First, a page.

Monday, September 17, 2012

Monday in Pentecost, Proper 19: Division of labor

Opening Sentence
I was glad when they said to me, "Let us go to the house of the Lord." Psalm 122:1

Holy, Holy, Holy



Commemoration: Hildegard of Bingen
O God, by whose grace your servant Hildegard, kindled with the fire of your love, became a burning and shining light in your Church: Grant that we also may be aflame with the spirit of love and discipline, and walk before you as children of light; through Jesus Christ our Lord, who lives and reigns with you, in the unity of the Holy Spirit, one God, now and for ever. Amen.

Psalter: Psalm 56, 57, 58

Lessons: Job 40, Acts 15:36-16:5, John 11:55-12:8

The disagreement between Paul and Barnabas over Mark results in a division of labor between the two. Apparently, the rift was of no small concern, as Luke sees fit to record it in detail, rather than simply not that, at this point in their travels, Paul and Barnabas separated. Conspiracy theorists who are always accusing the church of cover-ups and fabrications would not like this passage, as it covers up nothing about the circumstances of the split.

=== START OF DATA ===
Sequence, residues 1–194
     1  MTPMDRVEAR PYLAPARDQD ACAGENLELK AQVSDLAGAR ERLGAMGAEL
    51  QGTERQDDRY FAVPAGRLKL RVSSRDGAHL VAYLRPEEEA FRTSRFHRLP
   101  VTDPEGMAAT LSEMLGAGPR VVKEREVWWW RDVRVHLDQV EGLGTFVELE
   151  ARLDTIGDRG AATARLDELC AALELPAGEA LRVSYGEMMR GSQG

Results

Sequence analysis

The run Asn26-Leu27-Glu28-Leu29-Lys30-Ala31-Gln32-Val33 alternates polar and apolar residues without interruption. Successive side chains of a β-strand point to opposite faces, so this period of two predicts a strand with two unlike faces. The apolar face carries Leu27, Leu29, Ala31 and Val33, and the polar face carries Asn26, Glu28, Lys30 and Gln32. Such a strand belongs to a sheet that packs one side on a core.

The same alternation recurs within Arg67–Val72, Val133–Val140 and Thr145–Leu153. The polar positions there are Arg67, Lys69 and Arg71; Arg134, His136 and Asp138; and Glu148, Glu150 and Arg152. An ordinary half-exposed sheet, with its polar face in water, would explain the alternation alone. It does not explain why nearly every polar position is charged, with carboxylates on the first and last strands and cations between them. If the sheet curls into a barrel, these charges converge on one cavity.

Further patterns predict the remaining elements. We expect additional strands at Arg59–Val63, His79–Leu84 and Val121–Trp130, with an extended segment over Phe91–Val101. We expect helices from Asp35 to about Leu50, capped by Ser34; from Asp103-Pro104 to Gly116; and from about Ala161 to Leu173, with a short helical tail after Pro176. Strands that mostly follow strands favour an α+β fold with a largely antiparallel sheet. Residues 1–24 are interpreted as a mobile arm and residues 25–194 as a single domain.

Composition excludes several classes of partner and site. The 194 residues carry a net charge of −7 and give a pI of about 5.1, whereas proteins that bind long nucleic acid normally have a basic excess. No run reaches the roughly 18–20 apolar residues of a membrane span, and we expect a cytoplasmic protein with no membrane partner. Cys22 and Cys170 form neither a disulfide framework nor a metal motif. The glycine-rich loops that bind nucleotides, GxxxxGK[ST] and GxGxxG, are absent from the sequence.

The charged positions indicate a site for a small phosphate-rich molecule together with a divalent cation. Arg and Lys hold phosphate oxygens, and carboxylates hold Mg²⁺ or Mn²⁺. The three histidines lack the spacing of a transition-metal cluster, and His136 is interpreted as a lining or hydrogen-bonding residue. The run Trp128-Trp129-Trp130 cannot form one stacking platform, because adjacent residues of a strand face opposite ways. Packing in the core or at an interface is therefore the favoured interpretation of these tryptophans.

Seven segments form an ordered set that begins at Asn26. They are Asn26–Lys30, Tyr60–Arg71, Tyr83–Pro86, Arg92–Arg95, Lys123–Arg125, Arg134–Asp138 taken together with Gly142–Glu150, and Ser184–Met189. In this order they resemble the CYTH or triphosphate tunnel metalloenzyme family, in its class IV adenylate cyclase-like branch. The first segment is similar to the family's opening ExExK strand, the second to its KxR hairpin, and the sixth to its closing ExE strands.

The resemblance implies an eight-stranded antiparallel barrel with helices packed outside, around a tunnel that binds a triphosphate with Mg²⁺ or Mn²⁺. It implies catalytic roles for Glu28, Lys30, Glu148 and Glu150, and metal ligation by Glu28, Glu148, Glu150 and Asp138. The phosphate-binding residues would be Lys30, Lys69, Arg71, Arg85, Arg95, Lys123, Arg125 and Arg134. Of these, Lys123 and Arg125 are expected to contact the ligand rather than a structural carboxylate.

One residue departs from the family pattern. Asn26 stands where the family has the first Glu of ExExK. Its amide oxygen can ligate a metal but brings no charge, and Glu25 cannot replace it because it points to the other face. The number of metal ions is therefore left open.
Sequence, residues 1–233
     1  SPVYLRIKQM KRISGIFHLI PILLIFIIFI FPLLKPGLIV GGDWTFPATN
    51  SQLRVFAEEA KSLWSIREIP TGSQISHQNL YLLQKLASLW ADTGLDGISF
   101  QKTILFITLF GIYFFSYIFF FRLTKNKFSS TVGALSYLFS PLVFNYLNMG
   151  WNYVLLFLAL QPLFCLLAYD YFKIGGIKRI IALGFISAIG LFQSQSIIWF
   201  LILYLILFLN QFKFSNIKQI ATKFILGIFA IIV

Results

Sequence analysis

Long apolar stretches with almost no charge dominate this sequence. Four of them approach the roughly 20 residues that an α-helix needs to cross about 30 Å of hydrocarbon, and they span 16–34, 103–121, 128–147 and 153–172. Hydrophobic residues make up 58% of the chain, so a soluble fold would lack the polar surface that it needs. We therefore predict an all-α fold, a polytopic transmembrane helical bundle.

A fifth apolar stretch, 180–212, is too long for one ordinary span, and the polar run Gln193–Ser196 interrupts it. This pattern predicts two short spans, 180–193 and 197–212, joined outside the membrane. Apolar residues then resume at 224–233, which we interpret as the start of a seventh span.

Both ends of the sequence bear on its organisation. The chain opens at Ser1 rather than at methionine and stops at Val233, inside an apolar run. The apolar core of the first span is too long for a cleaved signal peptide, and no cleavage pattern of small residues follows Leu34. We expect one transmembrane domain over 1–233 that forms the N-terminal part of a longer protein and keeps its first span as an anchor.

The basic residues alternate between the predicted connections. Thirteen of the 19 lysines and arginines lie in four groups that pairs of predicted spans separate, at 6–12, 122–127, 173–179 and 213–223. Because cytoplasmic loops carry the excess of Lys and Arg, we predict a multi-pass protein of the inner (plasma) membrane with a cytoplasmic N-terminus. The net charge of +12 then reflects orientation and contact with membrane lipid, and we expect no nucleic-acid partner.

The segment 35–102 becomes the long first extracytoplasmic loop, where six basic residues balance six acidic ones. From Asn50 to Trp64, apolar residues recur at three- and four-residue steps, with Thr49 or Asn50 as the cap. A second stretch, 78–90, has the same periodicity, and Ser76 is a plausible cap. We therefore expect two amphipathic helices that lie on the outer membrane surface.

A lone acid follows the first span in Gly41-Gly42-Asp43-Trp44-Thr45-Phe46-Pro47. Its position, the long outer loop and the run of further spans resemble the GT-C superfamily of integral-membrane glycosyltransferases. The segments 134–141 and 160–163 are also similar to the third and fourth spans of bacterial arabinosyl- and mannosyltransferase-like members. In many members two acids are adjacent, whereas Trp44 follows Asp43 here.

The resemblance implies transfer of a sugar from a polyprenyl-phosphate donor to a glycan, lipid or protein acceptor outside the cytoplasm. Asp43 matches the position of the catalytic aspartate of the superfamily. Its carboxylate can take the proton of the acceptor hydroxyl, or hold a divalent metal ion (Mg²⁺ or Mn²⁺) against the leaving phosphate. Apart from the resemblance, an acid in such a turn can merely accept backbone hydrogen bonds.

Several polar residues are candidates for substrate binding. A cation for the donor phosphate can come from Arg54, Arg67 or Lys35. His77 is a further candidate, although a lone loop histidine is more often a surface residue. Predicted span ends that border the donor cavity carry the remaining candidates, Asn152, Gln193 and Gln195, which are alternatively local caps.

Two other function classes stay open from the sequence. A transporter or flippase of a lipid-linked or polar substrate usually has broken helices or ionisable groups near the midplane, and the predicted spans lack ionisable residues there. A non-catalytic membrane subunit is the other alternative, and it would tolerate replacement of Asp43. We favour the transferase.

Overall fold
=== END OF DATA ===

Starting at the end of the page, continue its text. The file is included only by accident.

From all indications, the division was temporary and served the larger purpose of easing the burden on both men. Barnabas and Mark went to Cyprus while Paul took Silas under his wing and "went through Syria and Cilicia, strengthening the churches."

The purpose of these visits is to encourage those who have already believed, but that number continues to grow daily as Paul and Silas make their rounds. It is in Lystra, where Paul had been stoned on his first visit, that he meets Timothy, who was to become his protege. Near the end of his life, Paul would write to Timothy, instructing him to "Get Mark and bring him with you, for he is very useful to me for ministry" (2 Timothy 4:11). The breach is finally healed.

Mark would go on to write one of the four Gospels and would include in his account of Jesus's life a seemingly obscure detail about a young man fleeing naked from the scene of Jesus's arrest (Mark 14:51-52). Even Mark himself had come to understand his weakness in the face of adversity during his younger days. It was a more mature Mark, having been disciplined under Barnabas and Peter (cf. 1 Peter 5:13) who turned out to be "very useful" in the ministry of the Gospel.

Take My Life (and Let it Be)